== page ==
Some people believe holding on and hanging in there are signs of great strength. However, there are times when it takes much more strength to know when to let go and then do it. — Ann Landers
Culture clashes are as inevitable as wrinkles, parking tickets, and rush-hour traffic. Tension resides in differences between people when something transitions from old to new. The same is true within the church where we desperately hold onto our tribal rules that have nothing to do with the Gospel – and there are times when it takes much more strength to let go of these rules rather than hang on.
Here’s the deal: Since its infancy, the body of Christ has debated what it means to be a follower of Jesus. As Christianity poured out of Jerusalem, the words they used to describe the Gospel came from their tribal Jewish heritage: Jesus became the Passover lamb. Jesus fulfilled the law. The heart should be circumcised and tender toward God.
But then the new non-Jewish audience embraced the Gospel. These “Gentiles” knew little of Jewish customs and terminology. Food laws were foreign, Jewish festivals irrelevant, circumcision not practiced, and the Sabbath was just another day.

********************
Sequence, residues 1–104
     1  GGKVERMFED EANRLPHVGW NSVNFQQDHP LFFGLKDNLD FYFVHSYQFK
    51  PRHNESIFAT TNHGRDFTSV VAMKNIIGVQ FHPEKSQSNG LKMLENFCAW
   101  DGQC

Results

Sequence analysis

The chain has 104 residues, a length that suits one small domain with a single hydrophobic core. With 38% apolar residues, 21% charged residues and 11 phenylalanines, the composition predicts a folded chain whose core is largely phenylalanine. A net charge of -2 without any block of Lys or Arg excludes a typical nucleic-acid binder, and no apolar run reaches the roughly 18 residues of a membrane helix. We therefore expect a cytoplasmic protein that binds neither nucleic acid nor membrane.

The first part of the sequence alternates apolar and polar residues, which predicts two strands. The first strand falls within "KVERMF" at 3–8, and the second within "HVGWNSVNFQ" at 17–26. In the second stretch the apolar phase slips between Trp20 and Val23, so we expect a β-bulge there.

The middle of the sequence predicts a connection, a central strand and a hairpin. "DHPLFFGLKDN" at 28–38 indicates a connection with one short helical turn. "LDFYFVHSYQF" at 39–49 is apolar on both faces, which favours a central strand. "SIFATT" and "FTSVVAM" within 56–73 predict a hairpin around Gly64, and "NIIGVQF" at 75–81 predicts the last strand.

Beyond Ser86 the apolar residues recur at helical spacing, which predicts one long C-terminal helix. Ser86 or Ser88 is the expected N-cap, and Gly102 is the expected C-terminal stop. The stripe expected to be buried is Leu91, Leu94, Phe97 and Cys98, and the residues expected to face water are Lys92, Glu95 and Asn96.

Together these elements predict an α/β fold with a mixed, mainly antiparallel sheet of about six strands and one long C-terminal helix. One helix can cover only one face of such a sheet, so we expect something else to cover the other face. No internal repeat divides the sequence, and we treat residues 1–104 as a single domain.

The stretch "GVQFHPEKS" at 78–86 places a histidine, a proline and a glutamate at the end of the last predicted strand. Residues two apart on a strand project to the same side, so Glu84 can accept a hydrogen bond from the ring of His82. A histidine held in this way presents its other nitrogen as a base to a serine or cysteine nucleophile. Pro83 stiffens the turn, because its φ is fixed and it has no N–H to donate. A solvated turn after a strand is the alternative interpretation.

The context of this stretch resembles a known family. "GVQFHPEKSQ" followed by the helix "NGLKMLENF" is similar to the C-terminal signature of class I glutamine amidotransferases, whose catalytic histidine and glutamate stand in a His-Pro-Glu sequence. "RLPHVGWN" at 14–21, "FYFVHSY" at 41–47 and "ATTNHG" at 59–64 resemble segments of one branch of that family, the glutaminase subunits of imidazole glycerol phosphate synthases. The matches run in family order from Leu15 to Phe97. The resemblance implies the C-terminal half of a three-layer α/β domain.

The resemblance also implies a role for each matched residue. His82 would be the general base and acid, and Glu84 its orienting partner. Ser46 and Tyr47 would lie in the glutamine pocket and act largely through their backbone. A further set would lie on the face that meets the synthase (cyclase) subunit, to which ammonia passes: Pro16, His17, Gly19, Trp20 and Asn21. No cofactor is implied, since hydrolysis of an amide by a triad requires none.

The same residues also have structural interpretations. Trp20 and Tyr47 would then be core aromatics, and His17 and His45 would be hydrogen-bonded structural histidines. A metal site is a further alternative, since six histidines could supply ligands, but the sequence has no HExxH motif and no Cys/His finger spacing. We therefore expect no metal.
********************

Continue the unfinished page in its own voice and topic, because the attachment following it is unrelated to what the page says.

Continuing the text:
Bam! A clash between old converts and new converts ensued. Many Jews insisted that Gentiles were not acceptable to God until they acted Jewish too.
But God had something new in mind. In a vision on a rooftop, the Lord showed Peter that the way of acceptance was the way of unity.
“Do not call anything impure that God has made clean” (Acts 10:15).
Later, Peter witnessed the Spirit of God pour out on a room full of Gentiles and he understood that it is impossible to invite people in when we require adherence to rules that kept them out.
“So then, even to Gentiles God has granted repentance that leads to life” (Acts 11:18).
It’s really simple.
One Gospel: God accepts all who are in Christ.
One body: In Christ, there is neither Jew nor Gentile.
One rule: In Christ, love others as God loves you.
Lord, I can’t love others like You love me. Give me Your love and acceptance for those who don’t adhere to my arbitrary tribal rules. Today, Lord, guide me into places and relationships that are outside my norm. Teach me how to invite the outsiders in so that they, too, may know You cherish them. Amen.
Listen to Pete, Jill & Stuart Briscoe on the Telling the Truth broadcast at OnePlace.com
Based on the novel, The Bema: A Story About the Judgment Seat of Christ by Tim Stevenson, The BEMA Drama was initially performed by Pete Briscoe as part of a sermon series in 1999. In 2000, Bent Tree performed the drama a second time and created a VHS video with the hope of sharing this life-transforming message of living for THE day beyond the walls of Bent Tree.